Greenwich speaks after Mark Latham homophobia tweets

Staying with Premier Chris Minns for a second, who was asked by host Jeremy Fernandez what he made of the mental health system in NSW after a pandemic and natural disasters, and amid a cost of living crisis.

“There’s a lot of work to do,” Minns said, pointing out that there’d been a 5 per cent increase in suicides in the state in the last 12-18 months.

NSW Premier Chris Minns in conversation with ABC Presenter Jeremy Fernandez at the Lifeline International President’s Lunch this afternoon.

Dominic Lorrimer

He said Labor had committed $8 million to Lifeline and $16 million funding to the Kids Helpline, and his government would increase funding cycles for non-profits from three years to five years to give organisations more certainty when it came to paying for staff and priority projects.

Asked what areas he thought could be immediately addressed, Minns said there was no easy fix.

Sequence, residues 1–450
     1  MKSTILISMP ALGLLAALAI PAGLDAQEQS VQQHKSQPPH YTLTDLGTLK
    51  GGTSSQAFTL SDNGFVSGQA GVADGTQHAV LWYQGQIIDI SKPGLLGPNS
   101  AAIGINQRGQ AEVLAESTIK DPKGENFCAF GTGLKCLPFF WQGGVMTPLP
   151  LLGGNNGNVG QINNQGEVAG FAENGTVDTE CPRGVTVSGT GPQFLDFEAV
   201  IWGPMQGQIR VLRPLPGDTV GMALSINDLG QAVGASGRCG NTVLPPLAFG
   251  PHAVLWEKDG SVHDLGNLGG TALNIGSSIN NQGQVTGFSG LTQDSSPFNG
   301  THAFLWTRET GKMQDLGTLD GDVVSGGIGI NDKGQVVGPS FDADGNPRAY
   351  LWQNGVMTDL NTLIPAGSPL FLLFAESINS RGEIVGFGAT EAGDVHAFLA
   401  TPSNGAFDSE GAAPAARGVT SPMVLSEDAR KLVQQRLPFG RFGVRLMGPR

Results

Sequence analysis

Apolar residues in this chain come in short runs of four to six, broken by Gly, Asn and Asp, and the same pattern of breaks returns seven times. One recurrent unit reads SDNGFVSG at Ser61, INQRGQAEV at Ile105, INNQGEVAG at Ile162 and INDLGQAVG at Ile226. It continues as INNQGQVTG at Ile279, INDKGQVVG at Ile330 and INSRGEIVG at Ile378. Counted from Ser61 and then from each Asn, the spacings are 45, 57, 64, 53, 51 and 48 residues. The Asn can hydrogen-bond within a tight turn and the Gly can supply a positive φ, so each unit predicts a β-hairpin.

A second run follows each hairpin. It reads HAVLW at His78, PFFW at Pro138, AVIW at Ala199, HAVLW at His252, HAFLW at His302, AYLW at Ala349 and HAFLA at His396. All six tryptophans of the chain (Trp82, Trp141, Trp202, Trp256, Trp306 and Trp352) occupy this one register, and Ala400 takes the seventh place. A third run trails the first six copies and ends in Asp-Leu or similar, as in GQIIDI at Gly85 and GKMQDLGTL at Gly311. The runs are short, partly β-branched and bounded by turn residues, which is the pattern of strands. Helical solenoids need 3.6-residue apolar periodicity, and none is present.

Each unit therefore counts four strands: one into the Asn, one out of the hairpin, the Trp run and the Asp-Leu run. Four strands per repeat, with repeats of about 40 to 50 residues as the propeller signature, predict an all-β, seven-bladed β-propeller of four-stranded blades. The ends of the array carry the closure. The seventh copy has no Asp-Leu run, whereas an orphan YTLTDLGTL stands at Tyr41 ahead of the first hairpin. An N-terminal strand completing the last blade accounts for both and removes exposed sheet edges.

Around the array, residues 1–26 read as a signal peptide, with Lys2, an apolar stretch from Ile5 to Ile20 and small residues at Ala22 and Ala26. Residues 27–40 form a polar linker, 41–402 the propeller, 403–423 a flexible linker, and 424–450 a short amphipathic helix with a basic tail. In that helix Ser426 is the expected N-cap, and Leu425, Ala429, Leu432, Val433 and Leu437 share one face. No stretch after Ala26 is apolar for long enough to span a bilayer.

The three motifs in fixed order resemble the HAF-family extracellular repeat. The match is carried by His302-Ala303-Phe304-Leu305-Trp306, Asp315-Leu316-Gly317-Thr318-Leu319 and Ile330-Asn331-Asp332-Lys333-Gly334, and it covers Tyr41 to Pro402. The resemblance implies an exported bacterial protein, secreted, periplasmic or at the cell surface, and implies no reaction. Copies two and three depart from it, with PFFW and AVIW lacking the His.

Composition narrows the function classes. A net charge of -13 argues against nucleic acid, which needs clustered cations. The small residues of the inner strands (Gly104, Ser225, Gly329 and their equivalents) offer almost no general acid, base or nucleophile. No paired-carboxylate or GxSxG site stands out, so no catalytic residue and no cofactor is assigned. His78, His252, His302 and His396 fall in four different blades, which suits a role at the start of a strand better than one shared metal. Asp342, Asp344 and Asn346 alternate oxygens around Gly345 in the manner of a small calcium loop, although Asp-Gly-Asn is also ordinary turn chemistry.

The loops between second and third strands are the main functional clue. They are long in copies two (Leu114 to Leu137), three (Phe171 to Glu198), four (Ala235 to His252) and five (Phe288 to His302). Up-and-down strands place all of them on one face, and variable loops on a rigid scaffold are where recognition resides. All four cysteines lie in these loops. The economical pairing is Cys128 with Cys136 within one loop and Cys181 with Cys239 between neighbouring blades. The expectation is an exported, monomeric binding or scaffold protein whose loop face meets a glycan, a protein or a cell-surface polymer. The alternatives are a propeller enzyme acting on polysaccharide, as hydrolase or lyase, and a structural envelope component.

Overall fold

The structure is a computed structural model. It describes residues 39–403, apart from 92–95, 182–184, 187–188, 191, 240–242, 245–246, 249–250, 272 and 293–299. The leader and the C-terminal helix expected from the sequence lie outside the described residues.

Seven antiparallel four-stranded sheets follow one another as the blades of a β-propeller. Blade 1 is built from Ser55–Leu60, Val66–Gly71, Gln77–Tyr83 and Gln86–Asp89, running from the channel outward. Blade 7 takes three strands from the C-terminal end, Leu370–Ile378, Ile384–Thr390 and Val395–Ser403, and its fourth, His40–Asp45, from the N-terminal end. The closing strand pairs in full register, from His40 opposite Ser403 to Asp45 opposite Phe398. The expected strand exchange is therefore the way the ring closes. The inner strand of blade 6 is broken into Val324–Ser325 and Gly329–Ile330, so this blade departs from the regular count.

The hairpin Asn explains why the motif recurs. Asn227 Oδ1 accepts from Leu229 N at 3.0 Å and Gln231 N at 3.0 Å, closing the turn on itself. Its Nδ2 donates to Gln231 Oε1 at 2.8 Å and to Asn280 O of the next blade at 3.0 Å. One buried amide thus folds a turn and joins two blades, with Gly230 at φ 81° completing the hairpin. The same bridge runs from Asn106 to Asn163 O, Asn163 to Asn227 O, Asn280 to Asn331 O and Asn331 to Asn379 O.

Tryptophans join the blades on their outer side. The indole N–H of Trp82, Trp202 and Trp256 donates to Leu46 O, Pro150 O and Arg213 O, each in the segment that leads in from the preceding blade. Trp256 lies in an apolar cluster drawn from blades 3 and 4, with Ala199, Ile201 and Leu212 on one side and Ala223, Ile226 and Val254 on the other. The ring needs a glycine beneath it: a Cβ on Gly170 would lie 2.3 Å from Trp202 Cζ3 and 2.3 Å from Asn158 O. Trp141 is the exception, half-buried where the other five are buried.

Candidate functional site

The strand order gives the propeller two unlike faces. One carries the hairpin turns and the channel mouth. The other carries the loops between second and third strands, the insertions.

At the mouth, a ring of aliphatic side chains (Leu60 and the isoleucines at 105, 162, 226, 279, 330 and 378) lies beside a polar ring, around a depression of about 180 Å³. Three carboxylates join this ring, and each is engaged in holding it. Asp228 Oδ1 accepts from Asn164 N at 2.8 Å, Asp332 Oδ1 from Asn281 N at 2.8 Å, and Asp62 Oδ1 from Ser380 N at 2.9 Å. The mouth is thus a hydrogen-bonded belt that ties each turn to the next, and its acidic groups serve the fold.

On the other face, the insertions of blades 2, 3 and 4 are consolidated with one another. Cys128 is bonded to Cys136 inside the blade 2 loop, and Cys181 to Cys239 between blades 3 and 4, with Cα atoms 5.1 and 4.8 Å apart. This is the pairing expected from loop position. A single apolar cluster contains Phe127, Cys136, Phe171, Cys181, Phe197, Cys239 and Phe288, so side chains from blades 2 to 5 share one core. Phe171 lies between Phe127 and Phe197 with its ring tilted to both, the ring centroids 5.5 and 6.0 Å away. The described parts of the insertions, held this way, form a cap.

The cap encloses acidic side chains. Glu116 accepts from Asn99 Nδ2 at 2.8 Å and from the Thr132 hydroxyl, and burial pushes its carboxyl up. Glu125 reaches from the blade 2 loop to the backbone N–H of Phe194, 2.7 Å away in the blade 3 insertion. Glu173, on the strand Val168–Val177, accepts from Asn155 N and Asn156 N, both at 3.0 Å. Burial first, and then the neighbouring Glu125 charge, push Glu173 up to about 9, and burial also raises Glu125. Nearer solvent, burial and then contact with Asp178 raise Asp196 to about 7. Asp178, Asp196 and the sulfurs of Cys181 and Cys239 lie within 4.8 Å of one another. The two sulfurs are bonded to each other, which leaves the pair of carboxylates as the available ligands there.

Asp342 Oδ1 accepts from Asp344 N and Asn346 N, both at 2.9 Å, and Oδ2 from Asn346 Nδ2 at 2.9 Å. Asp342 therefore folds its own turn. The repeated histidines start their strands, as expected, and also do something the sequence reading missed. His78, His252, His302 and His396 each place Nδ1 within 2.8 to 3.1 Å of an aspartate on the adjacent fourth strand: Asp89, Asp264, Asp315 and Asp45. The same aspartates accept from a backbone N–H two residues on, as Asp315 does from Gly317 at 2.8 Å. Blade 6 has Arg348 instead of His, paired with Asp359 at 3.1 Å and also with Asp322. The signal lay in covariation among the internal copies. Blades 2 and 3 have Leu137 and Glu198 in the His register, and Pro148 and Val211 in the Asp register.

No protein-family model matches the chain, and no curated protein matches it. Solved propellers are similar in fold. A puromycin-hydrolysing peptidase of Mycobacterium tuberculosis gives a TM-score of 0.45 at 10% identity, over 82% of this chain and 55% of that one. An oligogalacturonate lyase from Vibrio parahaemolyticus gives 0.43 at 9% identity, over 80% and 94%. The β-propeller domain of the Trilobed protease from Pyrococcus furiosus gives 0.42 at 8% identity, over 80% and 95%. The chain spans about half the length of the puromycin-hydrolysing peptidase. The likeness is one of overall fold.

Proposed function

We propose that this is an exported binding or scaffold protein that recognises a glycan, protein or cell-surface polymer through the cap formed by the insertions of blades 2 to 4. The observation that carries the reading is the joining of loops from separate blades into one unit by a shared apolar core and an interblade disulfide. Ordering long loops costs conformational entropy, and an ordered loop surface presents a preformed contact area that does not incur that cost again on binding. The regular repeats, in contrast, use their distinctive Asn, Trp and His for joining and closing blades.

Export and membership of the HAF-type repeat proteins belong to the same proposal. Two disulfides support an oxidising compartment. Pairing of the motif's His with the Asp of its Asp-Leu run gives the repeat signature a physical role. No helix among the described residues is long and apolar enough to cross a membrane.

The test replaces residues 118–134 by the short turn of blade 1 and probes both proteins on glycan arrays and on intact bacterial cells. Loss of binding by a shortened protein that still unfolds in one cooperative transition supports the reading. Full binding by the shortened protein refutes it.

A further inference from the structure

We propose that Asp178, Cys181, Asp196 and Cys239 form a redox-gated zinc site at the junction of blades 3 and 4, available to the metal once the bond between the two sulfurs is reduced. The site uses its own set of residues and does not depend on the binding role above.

“In fairness to the previous government, if it was easy, they would have done it already,” he said. “We’ve got a tight budget situation, but obviously, when it comes to results and outcomes that we don’t want … we need to make sure that we’ve got an intervention in place.”

On a personal level, Minns said going for a run or working out helped him keep his mental health in check, as well as quitting alcohol just after lockdowns ended.

“Like a lot of people, I found myself coming home looking forward to that red wine or beer a little too much,” he said. “[Quitting alcohol] made a massive difference for me. I felt that I was clearer, happier, less anxious, and more focused on the job.”

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